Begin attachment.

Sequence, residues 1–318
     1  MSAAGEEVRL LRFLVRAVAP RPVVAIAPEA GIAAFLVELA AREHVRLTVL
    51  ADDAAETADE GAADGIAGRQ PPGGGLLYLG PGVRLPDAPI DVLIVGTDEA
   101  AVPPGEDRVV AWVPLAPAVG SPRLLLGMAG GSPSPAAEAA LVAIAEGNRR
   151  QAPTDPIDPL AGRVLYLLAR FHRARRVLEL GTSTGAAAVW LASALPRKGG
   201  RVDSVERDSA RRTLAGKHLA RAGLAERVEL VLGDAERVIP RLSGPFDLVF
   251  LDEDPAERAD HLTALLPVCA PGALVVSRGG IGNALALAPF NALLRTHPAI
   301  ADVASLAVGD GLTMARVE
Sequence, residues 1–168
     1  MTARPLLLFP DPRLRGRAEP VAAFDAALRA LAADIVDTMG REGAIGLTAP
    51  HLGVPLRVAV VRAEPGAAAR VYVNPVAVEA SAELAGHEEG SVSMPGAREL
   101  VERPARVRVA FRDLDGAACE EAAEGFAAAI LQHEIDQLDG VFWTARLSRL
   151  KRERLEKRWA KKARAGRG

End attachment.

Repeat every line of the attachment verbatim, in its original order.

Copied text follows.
Sequence, residues 1–318
     1  MSAAGEEVRL LRFLVRAVAP RPVVAIAPEA GIAAFLVELA AREHVRLTVL
    51  ADDAAETADE GAADGIAGRQ PPGGGLLYLG PGVRLPDAPI DVLIVGTDEA
   101  AVPPGEDRVV AWVPLAPAVG SPRLLLGMAG GSPSPAAEAA LVAIAEGNRR
   151  QAPTDPIDPL AGRVLYLLAR FHRARRVLEL GTSTGAAAVW LASALPRKGG
   201  RVDSVERDSA RRTLAGKHLA RAGLAERVEL VLGDAERVIP RLSGPFDLVF
   251  LDEDPAERAD HLTALLPVCA PGALVVSRGG IGNALALAPF NALLRTHPAI
   301  ADVASLAVGD GLTMARVE
Sequence, residues 1–168
     1  MTARPLLLFP DPRLRGRAEP VAAFDAALRA LAADIVDTMG REGAIGLTAP
    51  HLGVPLRVAV VRAEPGAAAR VYVNPVAVEA SAELAGHEEG SVSMPGAREL
   101  VERPARVRVA FRDLDGAACE EAAEGFAAAI LQHEIDQLDG VFWTARLSRL
   151  KRERLEKRWA KKARAGRG